• You are younger than 21 years old or older than 45 years old.
  • You are pregnant or nursing.
  • You have moderate to severe glaucoma.
  • Your cornea and eye chamber don’t meet certain shape and measurement requirements.

Your ophthalmologist will give you a detailed eye exam and other tests to determine if ICL surgery is right for you. Your eye doctor will also ask questions about your overall health and medical history. Some medical conditions can affect your recovery and increase your risk of complications.

What to Expect After ICL Eye Surgery?

After ICL eye surgery, you may not experience any issues, or you may experience side effects that will take time to resolve. Either way, your eye care team will follow you closely.

Common side effects

Common side effects after ICL surgery include:
  • Feeling like something is in your eye.
  • Minor eye discomfort.
  • Seeing glare or halos. This is the most common side effect.

ICL surgery recovery time

For most people, these common side effects go away on their own within three months of surgery. For some, it may take longer.

Complications from ICL surgery

ICL surgery is a safe procedure. But no surgery is without risks. Rare complications of ICL surgery during and after surgery include:

  • Cataract formation.
  • Eye inflammation or infection.
  • ICL rotation. This is only a problem if your ICL is a Toric ICL (for correcting astigmatism).
  • Increased intraocular pressure (IOP), which is an increase in fluid pressure inside your eye.
  • Injury to the other delicate structures of the eye during surgery.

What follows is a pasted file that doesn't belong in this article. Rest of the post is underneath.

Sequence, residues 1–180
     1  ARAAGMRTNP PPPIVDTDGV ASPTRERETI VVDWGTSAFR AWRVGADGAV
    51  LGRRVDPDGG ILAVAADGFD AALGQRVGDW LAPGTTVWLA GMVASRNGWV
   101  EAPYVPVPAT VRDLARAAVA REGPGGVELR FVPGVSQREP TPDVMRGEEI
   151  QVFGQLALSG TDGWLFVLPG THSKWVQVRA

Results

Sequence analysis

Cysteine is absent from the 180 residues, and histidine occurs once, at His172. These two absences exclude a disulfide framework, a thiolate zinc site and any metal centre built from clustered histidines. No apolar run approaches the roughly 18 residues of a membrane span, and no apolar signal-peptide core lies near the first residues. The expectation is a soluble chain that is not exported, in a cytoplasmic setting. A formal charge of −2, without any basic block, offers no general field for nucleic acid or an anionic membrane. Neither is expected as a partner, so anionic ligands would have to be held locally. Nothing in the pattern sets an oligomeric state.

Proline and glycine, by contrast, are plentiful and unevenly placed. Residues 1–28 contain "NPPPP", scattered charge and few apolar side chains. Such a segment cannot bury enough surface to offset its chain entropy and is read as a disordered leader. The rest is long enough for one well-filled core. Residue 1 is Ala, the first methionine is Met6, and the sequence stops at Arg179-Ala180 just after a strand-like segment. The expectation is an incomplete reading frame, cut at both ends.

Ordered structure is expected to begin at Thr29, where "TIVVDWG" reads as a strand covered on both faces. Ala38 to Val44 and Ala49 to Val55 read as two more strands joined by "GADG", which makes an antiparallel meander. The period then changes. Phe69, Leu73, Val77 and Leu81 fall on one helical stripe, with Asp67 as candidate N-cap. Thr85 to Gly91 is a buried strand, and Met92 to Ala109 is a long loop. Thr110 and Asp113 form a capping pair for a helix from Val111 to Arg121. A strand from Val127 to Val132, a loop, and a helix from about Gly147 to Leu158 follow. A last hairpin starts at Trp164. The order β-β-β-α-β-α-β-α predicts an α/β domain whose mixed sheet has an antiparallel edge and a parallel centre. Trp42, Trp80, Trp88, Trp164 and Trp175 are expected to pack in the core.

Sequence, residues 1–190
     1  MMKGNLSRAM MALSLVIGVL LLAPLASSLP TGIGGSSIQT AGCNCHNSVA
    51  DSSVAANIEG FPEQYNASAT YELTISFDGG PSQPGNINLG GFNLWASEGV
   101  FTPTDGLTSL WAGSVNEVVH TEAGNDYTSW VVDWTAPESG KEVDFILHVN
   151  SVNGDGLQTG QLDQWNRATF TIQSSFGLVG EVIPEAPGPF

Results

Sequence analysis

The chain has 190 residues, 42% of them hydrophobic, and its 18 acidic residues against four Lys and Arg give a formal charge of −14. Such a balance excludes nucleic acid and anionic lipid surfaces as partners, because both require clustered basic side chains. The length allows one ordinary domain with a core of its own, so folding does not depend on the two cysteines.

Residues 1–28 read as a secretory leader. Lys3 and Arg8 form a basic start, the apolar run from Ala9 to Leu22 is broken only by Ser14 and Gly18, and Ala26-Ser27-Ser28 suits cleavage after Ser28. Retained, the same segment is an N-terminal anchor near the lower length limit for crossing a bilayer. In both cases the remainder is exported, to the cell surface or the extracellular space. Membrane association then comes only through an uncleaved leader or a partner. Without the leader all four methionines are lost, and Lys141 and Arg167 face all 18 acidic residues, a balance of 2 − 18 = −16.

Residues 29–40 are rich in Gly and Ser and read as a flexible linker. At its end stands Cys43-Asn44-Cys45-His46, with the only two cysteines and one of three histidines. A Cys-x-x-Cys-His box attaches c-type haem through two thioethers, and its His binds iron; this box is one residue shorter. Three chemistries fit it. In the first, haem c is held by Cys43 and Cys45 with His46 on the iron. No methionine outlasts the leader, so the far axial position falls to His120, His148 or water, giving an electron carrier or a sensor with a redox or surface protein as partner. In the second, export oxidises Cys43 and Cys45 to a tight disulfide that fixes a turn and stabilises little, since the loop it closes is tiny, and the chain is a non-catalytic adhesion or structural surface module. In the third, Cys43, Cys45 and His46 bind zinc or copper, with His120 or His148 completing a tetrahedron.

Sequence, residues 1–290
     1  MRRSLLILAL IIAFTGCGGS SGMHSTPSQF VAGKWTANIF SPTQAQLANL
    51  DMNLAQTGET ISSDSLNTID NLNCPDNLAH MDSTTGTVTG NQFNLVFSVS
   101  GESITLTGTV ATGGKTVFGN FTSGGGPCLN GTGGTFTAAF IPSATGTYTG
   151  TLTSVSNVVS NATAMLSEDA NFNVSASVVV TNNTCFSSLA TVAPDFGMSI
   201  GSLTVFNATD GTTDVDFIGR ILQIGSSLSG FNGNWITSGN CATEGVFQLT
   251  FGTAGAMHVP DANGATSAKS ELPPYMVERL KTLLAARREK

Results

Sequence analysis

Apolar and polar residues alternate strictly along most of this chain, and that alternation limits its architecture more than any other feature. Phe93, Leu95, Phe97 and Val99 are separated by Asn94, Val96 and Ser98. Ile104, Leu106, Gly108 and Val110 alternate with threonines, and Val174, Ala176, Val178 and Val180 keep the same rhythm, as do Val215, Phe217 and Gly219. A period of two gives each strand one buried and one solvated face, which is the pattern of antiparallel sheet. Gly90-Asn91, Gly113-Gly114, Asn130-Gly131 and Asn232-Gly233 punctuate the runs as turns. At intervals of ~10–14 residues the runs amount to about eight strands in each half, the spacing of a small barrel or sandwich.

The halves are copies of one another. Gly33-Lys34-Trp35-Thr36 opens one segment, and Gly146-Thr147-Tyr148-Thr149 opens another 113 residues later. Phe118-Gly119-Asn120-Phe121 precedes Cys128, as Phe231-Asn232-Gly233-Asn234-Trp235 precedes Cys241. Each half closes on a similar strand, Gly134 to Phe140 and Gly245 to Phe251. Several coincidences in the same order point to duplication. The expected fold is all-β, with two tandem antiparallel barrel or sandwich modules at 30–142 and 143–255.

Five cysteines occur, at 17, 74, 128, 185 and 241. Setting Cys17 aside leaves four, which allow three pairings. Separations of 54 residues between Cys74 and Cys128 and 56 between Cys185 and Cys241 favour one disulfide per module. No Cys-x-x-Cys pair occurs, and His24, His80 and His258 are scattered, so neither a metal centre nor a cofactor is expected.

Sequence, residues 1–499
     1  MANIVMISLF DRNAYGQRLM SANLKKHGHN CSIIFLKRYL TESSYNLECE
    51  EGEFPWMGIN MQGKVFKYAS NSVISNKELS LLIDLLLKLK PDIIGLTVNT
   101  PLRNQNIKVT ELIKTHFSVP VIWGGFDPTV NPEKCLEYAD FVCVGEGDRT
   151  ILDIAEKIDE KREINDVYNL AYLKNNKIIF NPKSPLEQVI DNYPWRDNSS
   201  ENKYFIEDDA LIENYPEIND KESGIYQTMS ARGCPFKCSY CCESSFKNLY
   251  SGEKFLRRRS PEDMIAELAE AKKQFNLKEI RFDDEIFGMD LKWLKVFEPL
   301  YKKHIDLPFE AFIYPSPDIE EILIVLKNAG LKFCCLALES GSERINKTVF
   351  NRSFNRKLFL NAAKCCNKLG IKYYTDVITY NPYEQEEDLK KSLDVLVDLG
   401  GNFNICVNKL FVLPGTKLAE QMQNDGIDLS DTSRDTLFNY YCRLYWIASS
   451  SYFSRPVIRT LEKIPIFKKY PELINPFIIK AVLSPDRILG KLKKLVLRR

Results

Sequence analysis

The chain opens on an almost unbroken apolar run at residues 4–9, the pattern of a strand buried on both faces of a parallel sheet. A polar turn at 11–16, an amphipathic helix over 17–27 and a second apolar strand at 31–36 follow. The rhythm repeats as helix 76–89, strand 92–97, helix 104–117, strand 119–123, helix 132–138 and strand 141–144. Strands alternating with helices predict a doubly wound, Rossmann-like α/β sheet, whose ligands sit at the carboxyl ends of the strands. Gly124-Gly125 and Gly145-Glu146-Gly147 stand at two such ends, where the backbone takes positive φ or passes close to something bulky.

• Secondary glaucoma.

You may need a second surgery to correct some of these problems. Though the visual results of ICL eye surgery are permanent, your eye surgeon can remove or replace the lenses if necessary.

How Does ICL Compare to LASIK?

LASIK stands for laser-assisted in situ keratomileusis. It’s a type of vision correction surgery that uses lasers to sculpt the cornea.

UPMC Vision Institute surgeons have been performing LASIK for more than 25 years. The UPMC Refractive Surgery Center is the longest continuously running laser center in western Pennsylvania.

The blade-free LASIK offered at the UPMC Vision Institute uses pulses of laser light to create a corneal cap. The surgeon can then lift this cap to allow another laser to reshape the corneal tissue. The surgeon then returns this cap to its original position and your vision starts to improve immediately.

Your UPMC Vision Institute refractive surgeon can help you decide which vision correction surgery is right for you.

Implantable Collamer Lens. American Academy of Ophthalmology. EyeWiki. Link.

Patient Information Booklet. Facts You Need to Know About STAAR Surgical's EVO ICL and EVO TICL Surgery. Patient Information Booklet. Link.

What Are Phakic Lenses? U.S. Food and Drug Administration. Link.

Packer M. The Implantable Collamer Lens with a Central Port: Review of the Literature. 2018. Clinical Ophthalmology. Link.

EVO/EVO+ VISIAN Implantable Collamer Lens — P030016/S035. U.S. Food and Drug Administration. Link.

Nearsightedness. National Library of Medicine. MedlinePlus.gov. Link.

Astigmatism. National Library of Medicine. MedlinePlus.gov. Link.

Zhang H, Gong R, Zhang X, Deng Y. Analysis of Perioperative Problems Related to Intraocular Implantable Collamer Lens (ICL) implantation. 2022. International Ophthalmology. Link.

U.S. Food and Drug Administration. Before, During, and After Surgery. Link.

U..S. Food and Drug Administration. LASIK. Link.

About UPMC Vision Institute

The UPMC Vision Institute is a national leader in the treatment of eye diseases and disorders. We seek to improve and restore your vision to help your quality of life, diagnosing and treating a wide range of conditions in both children and adults. Our treatments include both surgical and nonsurgical options. We also offer routine eye screenings and have full-scale optical shops. Find an eye expert close to you.